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Problem: Find the sum to $n$ terms of \begin{eqnarray*} \frac{1}{1\cdot 2\cdot 3} + \frac{3}{2\cdot 3\cdot 4} + \frac{5}{3\cdot 4\cdot 5} + \frac{7}{4\cdot 5\cdot 6}+\cdots \\ \end{eqnarray*} Answer: The way I see it, the problem is asking me to find this series: \begin{eqnarray*} S_n &=& \sum_{i=1}^{n} {a_i} \\ \text{with } a_i &=& \frac{2i-1}{i(i+1)(i+2)} \\ \end{eqnarray*} We have: \begin{eqnarray*} S_n &=& S_{n-1} + a_n \\ S_n &=& S_{n-1} + \frac{2n-1}{n(n+1)(n+2)} \\ \end{eqnarray*} I am tempted to apply the technique of partial fractions but I believe there is no closed formula for a series of the of the form:

\begin{eqnarray*} \sum_{i=1}^{n} \frac{1}{i+k} \\ \end{eqnarray*} where $k$ is a fixed constant. Therefore I am stuck. I am hoping that somebody can help me.

Thanks Bob

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  • $\begingroup$ Maple says that $S_n = \frac{1}{2(n+1)}-\frac{5}{2(n+2)}+\frac34$. $\endgroup$ – Michael Galuza Jun 27 '15 at 20:00
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There is more simple way (for me). You have $$a_n=\frac{2n-1}{n(n+1)(n+2)}=-\frac52\frac{1}{n+2} + \frac{3}{n+1} - \frac{1}{2n};$$ hence $$S_N = \sum_{n=1}^N a_n = -\frac52\left(H_{N+2}-1-\frac12\right) + 3(H_{N+1}-1) - \frac12 H_N,$$ where $H_N$ is $N$-th harmonic number. Simplify it: $$S_N = -\frac52\left(H_N + \frac{1}{N+1} + \frac{1}{N+2}-\frac32\right) + 3\left(H_N+\frac{1}{N+1}-1\right) - \frac12H_N=\\= \frac34 + \frac{1}{2(N+1)}-\frac{5}{2(N+2)}.$$

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The good old way: compute a few terms and find a pattern.

$$\frac2{12},\frac7{24},\frac{15}{40},\frac{26}{60},\frac{40}{84}\cdots$$

By finite differences, we find that the numerators are $\dfrac{n(3n+1)}2$ and the denominators $2(n+1)(n+2)$.


Check:

$$S_1=\frac2{12}$$and $$S_n-S_{n-1}=\frac{n(3n-1)}{4(n+1)(n+2)}-\frac{(n-1)(3n-4)}{4n(n+1)}=\frac{2n-1}{n(n+1)(n+2)}=a_n.$$

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Setting

$$\frac{2n-1}{n(n+1)(n+2)}=\frac{An+B}{n(n+1)}-\frac{A(n+1)+B}{(n+1)(n+2)}$$ gives us $A=2,B=-\frac 12$, i.e. $$\frac{2n-1}{n(n+1)(n+2)}=\frac{2n-\frac 12}{n(n+1)}-\frac{2(n+1)-\frac 12}{(n+1)(n+2)}.$$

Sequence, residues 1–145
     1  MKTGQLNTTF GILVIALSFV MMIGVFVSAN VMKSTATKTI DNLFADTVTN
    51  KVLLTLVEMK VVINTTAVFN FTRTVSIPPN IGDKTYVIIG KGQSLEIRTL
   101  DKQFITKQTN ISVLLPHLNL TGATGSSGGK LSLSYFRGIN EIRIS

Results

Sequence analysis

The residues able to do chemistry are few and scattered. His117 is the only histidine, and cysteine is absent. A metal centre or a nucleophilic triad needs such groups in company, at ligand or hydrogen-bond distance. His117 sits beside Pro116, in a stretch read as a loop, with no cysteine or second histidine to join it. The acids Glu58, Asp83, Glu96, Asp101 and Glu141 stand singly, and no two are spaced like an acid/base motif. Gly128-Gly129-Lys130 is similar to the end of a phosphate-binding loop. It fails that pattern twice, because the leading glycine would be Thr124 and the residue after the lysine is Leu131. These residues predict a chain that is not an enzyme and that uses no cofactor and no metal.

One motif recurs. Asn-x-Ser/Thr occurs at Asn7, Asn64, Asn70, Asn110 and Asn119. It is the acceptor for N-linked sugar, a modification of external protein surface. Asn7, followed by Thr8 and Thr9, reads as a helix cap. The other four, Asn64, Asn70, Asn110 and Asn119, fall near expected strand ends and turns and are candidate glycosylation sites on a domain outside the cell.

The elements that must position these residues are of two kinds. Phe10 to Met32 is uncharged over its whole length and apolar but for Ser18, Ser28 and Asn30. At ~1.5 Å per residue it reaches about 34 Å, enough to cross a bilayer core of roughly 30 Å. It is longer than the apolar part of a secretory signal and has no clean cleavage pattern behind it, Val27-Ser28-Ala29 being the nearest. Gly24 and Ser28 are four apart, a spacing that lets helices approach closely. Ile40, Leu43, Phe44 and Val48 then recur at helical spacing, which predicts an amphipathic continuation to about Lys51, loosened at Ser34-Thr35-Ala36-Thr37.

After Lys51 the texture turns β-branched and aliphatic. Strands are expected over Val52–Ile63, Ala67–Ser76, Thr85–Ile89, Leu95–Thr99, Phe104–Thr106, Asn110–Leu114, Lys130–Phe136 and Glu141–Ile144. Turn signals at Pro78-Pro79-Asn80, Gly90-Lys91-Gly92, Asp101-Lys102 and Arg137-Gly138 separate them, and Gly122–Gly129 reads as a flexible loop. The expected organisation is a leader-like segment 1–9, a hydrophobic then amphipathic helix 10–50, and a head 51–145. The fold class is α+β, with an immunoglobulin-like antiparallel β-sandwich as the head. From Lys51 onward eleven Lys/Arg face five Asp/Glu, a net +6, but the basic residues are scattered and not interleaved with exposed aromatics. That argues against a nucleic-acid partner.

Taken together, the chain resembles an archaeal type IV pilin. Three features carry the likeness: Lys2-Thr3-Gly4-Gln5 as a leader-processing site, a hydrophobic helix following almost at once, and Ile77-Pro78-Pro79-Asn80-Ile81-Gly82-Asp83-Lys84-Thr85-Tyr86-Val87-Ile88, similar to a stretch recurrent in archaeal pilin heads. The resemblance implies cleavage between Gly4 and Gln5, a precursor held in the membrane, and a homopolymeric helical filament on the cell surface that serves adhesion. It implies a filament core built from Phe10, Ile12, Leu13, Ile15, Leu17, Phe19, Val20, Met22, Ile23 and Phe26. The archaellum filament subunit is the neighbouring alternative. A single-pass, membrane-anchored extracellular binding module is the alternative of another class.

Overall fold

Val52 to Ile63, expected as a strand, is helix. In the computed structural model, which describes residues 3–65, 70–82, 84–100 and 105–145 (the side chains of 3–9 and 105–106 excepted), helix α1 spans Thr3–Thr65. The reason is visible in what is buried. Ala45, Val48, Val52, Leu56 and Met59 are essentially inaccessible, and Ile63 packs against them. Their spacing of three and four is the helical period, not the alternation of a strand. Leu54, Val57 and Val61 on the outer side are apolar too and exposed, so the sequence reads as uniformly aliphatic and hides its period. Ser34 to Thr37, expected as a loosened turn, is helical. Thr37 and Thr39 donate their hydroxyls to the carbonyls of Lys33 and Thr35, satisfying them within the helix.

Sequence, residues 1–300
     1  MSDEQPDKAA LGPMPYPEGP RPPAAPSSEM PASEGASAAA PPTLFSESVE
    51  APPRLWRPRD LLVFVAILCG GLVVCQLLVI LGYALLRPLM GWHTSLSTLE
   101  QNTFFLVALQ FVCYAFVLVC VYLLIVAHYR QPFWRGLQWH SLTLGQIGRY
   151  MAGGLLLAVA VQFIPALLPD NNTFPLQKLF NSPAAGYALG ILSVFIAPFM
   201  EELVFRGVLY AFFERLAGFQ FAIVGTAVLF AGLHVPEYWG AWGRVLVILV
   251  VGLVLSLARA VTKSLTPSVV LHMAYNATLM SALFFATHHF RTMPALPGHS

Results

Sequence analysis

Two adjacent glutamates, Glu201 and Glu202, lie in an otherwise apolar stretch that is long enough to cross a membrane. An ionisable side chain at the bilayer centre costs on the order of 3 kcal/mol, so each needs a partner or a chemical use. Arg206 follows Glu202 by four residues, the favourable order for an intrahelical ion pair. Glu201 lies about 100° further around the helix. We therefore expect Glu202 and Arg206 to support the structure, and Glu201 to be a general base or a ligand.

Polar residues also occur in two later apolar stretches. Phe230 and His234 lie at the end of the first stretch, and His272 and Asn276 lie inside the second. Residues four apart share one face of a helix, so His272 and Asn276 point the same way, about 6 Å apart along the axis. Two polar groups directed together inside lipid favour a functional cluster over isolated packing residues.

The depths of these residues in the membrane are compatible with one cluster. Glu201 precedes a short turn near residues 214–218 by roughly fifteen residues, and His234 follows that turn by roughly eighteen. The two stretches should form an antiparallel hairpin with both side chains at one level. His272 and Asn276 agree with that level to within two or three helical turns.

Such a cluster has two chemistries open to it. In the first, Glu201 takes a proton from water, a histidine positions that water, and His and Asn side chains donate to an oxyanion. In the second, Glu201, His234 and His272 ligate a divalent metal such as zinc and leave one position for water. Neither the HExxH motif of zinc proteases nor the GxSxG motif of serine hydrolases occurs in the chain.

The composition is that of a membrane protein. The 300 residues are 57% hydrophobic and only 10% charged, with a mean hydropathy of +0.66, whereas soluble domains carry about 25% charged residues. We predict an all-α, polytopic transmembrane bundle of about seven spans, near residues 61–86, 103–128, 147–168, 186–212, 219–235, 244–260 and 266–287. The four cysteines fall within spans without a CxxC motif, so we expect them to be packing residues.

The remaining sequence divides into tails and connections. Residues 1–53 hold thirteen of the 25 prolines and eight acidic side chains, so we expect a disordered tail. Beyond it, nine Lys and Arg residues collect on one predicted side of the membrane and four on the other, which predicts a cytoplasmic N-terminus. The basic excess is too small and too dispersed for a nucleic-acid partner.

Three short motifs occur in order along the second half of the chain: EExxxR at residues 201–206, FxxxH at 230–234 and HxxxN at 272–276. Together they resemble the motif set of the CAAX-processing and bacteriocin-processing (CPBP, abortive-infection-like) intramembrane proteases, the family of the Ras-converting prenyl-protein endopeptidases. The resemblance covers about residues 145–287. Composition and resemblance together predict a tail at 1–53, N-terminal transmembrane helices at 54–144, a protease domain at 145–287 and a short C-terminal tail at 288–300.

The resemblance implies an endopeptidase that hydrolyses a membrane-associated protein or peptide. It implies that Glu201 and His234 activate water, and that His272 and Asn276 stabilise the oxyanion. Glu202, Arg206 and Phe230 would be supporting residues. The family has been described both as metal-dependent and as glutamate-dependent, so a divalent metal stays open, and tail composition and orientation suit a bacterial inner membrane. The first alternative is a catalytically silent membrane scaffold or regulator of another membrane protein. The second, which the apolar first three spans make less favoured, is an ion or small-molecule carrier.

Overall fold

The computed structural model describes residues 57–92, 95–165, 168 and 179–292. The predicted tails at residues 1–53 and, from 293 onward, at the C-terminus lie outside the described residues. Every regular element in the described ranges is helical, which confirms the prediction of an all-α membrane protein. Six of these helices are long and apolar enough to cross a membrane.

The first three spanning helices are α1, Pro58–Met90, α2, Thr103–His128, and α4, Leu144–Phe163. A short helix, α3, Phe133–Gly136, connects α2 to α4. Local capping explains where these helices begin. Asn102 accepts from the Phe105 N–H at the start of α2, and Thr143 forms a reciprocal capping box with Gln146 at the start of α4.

Hence, we have $$\begin{align}\sum_{i=1}^{n}\frac{2i-1}{i(i+1)(i+2)}&=\sum_{i=1}^{n}\left(\frac{2i-\frac 12}{i(i+1)}-\frac{2(i+1)-\frac 12}{(i+1)(i+2)}\right)\\&=\frac{2\cdot 1-\frac 12}{1\cdot (1+1)}-\frac{2(n+1)-\frac 12}{(n+1)(n+2)}\\&=\color{red}{\frac 34-\frac{4n+3}{2(n+1)(n+2)}}\end{align}$$

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You can write it as $\sum_{k\ge0}\frac{2k+1}{(k+3)_3}=\sum_{k\ge0}(2k+1)(k)_{-3}$ and now it seems easy to solve by summation by parts:

$$\sum (2k+1)(k)_{-3}\delta k=(2k+1)\frac{(k)_{-2}}{-2}+\sum(k+1)_{-2}=\frac{2k+1}{-2(k+2)_2}-\frac{1}{k+2}=\frac{4k+3}{-2(k+2)_2}$$

And taking limits we have that the series converges to $\sum_{k\ge 0}\frac{2k+1}{(k+3)_3}=\frac{3}{4}$

The partial sum will be

$$\sum_{k=0}^{n}\frac{2k+1}{(k+3)_3}=\frac{4n+3}{-2(n+2)_2}+\frac{3}{4}$$

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  • $\begingroup$ (+1) Very neat. It is a good thing to spread the use of Pochhammer symbols and summation by parts. $\endgroup$ – Jack D'Aurizio Jun 27 '15 at 21:12
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    $\begingroup$ Thnk you @JackD'Aurizio... anyway I must point here that this isnt, strictly talking, Pochhammer symbol because Pochhammer used it to denote rising factorials and in this case Im denoting falling factorials. I may be use the notation of Knuth to avoid confusion... but this notation, still with this "lack" of universality, is faster to write. And this is the reason why I used it :) $\endgroup$ – Masacroso Jun 27 '15 at 21:23
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see that $a_n = (2n-1)/((n*(n+1)*(n+2)=-1/2*(1/n)+3*(1/(n+1))-5/2*(1/(n+2)) = 1/2* (-1/n+1/(n+1)+5*(1/(n+1)-1/(n+2))$, so $S_n = 1/2*(-1+5+1/(n+1)-5/(n+2)) = 1/2*(4n^2+8n+5)/((n+1)*(n+2))$.

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